Capecitabine and Temozolomide for Treatment of Recurrent Pituitary Adenomas (TMZ-Cap)



Treatment of Aggressive Pituitary Tumors with Immunotherapy

Individuals with tumors of the pituitary (adenomas and carcinomas) that grow in spite of treatment with radiation are eligible for our clinical trial investigating whether the two immunotherapies, nivolumab and ipilimumab, are able to shrink these tumors.  
The two immunotherapies, nivolumab and ipilimumab, are intravenous drugs that have revolutionized the treatment of melanoma and several other malignancies.  These drugs allow the immune system to recognize and attack tumor cells.  Individuals with pituitary tumors that grow in spite of standard treatments (in particular radiation) have few treatment options.   For that reason, we are performing this phase II trial evaluating the efficacy of this drug combination on eligible patients.  
For further information, please reach out to Andrew Lin, MD at 212-639-8392.  Additional information is on the ClinicalTrials.gov website (https://clinicaltrials.gov/ct2/show/NCT04042753).


May 2020 Highlights Research Articles

Knowledge is power and we believe keeping abreast of news on the research front is imperative. Each month in Highlights we feature a few of the top news stories, which you can read below. In addition, we update our website on a regular basis with the latest breaking news related to pituitary and hormonal disorders by gathering stories we think you'll be interested in from MD Linx, Medscape, MedPage Today, PubMed, Touch Endocrinology, News-Medical.net and WebMD.


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PNA Medical Corner: Endocrinology in the Era of COVID-19


An article co-written by PNA member Dr. Maria Fleseriu, an endocrinologist at Oregon Health Sciences University, makes recommendations on how to maintain and even improve patient outcomes despite the challenges posed by COVID-19. 

Eur J Endocrinol. 2020 May 1. pii: EJE-20-0473. doi: 10.1530/EJE-20-0473. [Epub ahead of print]

Endocrinology in the time of COVID-19: Management of pituitary tumours.

Fleseriu M1, Karavitaki N2, Dekkers OM3.

Author information


Patients with pituitary tumours, ensuing hormonal abnormalities and mass effects are usually followed in multidisciplinary pituitary clinics and can represent a management challenge even during times of non-pandemic. The COVID-19 pandemic has put on hold routine medical care for hundreds of millions of patients around the globe, while many pituitary patients' evaluations cannot be delayed for too long. Furthermore, the majority of patients with pituitary tumours have co-morbidities potentially impacting the course and management of COVID-19 (e.g. hypopituitarism, diabetes mellitus, hypertension, obesity, cardiovascular disease). Here, we summarize some of the diagnostic and management dilemmas for these patients, and we provide guidance on safe and as effective as possible delivery of care in the COVID-19 era. We also attempt to address how pituitary services should be remodeled in the event of similar crises, while maintaining or even improving patient outcomes. Regular review of these recommendations and further adjustments are needed, depending on the evolution of the COVID-19 pandemic status. We consider that utilization of successful models of pituitary multidisciplinary care implemented during the COVID-19 pandemic should continue after the crisis is over by using the valuable and exceptional experience gained during these challenging times.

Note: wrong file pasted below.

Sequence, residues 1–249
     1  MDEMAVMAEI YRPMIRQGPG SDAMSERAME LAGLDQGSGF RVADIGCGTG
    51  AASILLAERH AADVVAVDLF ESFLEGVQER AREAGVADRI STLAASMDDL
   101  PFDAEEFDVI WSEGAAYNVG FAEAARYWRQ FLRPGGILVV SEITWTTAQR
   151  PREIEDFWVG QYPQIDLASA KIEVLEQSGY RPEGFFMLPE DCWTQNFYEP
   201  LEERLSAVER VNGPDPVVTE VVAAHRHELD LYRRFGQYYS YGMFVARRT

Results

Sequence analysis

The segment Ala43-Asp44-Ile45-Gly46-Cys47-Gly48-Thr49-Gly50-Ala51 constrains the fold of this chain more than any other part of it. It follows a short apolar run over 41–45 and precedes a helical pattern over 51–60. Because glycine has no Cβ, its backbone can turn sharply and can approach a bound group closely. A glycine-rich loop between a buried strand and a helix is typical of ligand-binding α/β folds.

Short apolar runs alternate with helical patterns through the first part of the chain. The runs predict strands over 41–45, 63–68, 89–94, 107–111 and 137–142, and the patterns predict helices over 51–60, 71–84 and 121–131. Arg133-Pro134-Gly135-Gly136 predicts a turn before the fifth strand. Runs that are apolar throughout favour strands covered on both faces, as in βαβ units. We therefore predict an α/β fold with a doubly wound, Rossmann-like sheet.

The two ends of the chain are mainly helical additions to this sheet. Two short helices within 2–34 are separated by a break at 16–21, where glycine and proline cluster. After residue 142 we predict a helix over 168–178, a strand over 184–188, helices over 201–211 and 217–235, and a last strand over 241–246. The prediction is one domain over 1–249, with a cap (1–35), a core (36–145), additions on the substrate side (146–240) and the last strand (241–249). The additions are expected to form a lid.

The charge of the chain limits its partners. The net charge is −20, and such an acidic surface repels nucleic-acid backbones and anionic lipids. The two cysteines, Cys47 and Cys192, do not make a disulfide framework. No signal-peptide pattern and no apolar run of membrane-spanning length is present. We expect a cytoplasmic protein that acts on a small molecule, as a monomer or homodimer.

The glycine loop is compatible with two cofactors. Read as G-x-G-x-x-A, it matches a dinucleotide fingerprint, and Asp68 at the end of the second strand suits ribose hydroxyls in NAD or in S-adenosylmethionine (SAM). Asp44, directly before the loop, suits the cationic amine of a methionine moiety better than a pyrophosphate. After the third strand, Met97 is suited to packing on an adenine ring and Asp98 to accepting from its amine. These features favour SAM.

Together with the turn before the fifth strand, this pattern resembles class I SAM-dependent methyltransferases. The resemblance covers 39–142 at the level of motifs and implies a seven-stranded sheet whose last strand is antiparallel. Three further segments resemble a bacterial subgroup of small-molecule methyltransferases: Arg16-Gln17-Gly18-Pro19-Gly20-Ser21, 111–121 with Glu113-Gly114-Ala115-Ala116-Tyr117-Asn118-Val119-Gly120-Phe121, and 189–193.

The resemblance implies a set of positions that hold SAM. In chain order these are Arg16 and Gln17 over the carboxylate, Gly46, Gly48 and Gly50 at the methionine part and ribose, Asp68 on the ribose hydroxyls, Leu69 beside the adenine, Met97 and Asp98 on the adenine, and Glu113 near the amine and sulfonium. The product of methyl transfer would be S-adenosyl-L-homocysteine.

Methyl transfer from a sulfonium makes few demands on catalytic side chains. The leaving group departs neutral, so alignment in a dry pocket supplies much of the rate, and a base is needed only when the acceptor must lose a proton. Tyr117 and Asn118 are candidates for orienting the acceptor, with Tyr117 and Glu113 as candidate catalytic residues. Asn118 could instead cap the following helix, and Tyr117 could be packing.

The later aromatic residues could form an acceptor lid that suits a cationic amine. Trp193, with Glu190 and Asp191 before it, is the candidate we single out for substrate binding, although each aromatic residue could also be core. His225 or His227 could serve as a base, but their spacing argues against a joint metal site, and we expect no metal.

In Memorium Dr. Donald P. Becker

  Donald Becker, MD

The PNA would like to honor the memory of Dr. Donald P. Becker, a longtime member of the PNA who passed away on May 1, 2020. Dr. Becker was a respected neurosurgeon at UCLA Medical Center. At UCLA, he served as a Professor and Chief of Neurosurgery from 1985 – 2001 and then Senior Associate Dean for Academic Affairs in the David Geffen School of Medicine (2001-2007). He graduated from Case Western Reserve University School of Medicine in 1968 and completed his neurosurgical residency at the University Hospitals of Cleveland.  From 1972-1985 he was Professor and Chairman at the Medical College of Virginia. 

He wrote many scholarly articles and served as President of the Neurosurgical Society of America, served on the Board of Directors of the American Board of Neurological Surgery and the Journal of Neurosurgery Editorial Board. He retired as Director of the UCLA Brain Tumor Program in 2007. He was an avid horseman and golfer. The PNA expresses our deepest condolences to Dr. Becker’s family, friends and colleagues.